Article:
The ubiquity of cockfighting is shocking. Even in places such as the United States where the practice is illegal, underground fighting continues to be a lucrative (and inherently cruel) industry. Before a fight, roosters (or gamecocks) have their spurs cut off without anaesthetic, and metal or plastic razor-sharp blades (known as gaffs) are attached to their legs. Sometimes their beaks are sharpened. In the cockfighting pit, a pair of birds are provoked and pitted against each other. Trained to be violently aggressive, the roosters may be further stimulated with drugs, such as methamphetamine. The battles involve intense injuries and bloodshed, which cause incredible pain for the birds, and often result in at least one death.
In this interview, we hear two different perspectives on cockfighting, one from the United States and one from Puerto Rico, where the practice remains legal but enmeshed in criminal activity. Tune in to hear about the relationship between cockfighting and crime, more about the activity, arguments by proponents and opponents, and how positive change is happening.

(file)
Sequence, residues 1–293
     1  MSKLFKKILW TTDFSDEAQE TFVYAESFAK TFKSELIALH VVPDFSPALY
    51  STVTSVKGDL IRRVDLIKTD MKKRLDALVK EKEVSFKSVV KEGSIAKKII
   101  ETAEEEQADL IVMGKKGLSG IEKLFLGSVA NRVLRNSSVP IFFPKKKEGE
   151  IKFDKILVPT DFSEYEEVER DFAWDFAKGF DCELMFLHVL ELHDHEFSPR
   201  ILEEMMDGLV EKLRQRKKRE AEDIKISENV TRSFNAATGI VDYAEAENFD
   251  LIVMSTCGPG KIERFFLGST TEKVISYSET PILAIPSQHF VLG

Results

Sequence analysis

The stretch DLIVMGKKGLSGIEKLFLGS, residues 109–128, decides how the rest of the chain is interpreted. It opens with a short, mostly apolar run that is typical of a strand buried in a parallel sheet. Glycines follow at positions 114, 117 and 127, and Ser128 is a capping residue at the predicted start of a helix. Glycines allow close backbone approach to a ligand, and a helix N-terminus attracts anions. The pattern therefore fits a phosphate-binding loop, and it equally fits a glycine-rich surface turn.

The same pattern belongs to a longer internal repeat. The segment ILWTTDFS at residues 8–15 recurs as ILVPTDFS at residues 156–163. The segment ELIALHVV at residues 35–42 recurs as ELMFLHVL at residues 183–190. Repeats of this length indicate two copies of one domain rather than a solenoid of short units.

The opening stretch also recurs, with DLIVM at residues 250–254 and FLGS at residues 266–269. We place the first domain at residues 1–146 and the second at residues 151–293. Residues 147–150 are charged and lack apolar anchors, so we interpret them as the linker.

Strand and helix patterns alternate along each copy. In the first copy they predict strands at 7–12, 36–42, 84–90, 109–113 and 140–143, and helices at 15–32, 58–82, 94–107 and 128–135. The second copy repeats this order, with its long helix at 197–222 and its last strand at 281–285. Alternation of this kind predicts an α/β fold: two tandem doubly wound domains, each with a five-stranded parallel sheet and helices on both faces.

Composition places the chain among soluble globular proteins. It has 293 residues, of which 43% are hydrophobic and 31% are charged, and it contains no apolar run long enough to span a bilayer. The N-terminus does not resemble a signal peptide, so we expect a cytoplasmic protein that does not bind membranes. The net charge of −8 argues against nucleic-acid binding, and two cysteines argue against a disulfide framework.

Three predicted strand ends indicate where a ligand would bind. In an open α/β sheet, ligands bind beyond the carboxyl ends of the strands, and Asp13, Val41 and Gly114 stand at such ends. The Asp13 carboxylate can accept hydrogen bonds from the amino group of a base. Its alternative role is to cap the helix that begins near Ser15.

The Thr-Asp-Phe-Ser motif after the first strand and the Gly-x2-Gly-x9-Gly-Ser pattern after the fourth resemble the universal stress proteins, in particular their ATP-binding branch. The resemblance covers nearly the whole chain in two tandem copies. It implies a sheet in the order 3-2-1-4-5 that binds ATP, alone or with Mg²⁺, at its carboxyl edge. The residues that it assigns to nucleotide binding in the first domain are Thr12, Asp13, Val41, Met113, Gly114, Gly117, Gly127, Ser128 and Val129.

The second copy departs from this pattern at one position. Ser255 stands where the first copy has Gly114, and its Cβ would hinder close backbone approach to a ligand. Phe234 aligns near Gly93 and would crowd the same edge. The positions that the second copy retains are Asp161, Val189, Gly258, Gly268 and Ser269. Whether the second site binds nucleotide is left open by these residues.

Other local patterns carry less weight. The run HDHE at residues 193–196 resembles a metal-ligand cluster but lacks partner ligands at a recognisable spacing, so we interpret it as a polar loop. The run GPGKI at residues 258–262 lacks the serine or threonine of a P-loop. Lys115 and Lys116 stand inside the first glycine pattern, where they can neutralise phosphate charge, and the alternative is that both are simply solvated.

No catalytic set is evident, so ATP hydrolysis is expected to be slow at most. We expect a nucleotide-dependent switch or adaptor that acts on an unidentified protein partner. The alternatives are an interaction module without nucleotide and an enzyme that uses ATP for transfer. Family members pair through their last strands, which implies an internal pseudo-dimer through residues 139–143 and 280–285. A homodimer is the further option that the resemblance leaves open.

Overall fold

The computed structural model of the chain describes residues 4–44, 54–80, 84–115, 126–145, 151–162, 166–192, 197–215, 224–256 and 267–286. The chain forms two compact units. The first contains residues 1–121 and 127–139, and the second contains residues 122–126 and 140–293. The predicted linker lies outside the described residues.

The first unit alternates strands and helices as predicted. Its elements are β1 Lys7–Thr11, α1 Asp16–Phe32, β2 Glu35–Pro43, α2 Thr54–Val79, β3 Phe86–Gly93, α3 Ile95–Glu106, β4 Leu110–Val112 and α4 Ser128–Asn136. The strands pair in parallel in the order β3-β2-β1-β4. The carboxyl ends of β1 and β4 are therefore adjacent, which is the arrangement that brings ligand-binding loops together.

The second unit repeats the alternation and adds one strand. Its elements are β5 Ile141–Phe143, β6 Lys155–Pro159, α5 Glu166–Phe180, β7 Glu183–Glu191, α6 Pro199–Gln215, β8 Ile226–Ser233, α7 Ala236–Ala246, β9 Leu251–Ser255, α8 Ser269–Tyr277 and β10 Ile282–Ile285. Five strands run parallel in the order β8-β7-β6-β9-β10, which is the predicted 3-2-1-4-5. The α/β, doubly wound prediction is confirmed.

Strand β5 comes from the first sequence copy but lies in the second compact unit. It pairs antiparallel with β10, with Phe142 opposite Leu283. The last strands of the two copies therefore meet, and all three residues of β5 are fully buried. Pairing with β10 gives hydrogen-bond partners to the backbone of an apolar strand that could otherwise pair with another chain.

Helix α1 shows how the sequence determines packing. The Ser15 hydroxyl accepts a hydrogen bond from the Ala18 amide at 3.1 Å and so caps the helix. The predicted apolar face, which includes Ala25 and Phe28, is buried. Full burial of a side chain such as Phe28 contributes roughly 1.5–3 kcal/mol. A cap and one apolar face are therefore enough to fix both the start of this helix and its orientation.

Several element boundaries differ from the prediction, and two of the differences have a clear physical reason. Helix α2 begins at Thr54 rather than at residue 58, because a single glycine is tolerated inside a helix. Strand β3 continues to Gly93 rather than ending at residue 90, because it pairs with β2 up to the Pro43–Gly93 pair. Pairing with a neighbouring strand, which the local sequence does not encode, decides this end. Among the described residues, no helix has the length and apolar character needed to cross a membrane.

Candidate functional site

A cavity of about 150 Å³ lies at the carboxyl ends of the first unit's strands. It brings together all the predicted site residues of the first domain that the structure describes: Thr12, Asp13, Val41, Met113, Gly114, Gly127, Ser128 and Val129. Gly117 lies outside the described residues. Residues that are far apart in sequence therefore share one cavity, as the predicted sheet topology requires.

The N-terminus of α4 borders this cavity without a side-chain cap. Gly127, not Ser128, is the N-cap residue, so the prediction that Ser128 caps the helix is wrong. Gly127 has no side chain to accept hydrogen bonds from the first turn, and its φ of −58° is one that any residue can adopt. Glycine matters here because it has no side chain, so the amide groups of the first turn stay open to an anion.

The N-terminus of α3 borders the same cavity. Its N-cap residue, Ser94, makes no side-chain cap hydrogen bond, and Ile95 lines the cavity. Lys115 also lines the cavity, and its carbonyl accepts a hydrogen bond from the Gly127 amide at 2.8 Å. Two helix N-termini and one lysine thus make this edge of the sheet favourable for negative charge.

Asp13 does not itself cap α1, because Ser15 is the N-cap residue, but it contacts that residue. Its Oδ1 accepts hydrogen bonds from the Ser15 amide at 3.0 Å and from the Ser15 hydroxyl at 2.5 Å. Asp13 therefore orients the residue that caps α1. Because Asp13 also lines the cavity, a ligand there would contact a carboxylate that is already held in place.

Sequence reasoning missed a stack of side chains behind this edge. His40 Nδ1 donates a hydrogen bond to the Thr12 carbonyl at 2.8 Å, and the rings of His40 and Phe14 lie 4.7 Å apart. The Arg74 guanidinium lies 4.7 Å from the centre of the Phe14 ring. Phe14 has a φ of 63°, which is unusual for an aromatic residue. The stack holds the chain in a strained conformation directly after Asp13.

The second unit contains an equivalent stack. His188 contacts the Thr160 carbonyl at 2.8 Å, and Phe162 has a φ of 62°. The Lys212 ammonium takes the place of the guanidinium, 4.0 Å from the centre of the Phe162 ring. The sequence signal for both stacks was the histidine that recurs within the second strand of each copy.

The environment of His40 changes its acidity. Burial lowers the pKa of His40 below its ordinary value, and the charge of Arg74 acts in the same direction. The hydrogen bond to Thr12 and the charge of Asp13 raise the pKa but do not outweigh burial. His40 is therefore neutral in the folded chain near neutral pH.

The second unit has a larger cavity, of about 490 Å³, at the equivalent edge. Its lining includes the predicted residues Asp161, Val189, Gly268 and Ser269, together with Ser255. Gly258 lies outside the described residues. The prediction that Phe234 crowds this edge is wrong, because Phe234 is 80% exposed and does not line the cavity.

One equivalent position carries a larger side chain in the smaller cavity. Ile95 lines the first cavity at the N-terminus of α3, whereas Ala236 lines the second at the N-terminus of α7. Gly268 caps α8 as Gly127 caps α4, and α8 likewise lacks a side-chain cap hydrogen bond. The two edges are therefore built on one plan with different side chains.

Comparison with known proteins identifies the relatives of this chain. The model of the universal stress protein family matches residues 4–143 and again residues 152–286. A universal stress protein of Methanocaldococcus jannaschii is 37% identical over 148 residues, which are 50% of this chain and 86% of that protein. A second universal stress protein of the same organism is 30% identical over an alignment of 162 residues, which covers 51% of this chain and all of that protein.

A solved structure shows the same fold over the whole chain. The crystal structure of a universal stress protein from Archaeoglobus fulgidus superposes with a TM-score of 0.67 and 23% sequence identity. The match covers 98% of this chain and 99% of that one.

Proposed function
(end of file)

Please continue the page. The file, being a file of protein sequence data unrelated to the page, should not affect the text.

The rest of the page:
Dana Campbell is a lawyer with the national nonprofit organization, Animal Legal Defense Fund. She also started her own animal law practice in Rochester New York. She teaches Animal Law as an adjunct professor at Cornell Law School in Ithaca New York. Leisha Swayne is the Vice President of the Humane Society of Puerto Rico, and an Animal Cruelty Investigations Consultant for the AdopciónMascotas.com. She is also a member member of the Animal Rights Commission of the Bar Association.
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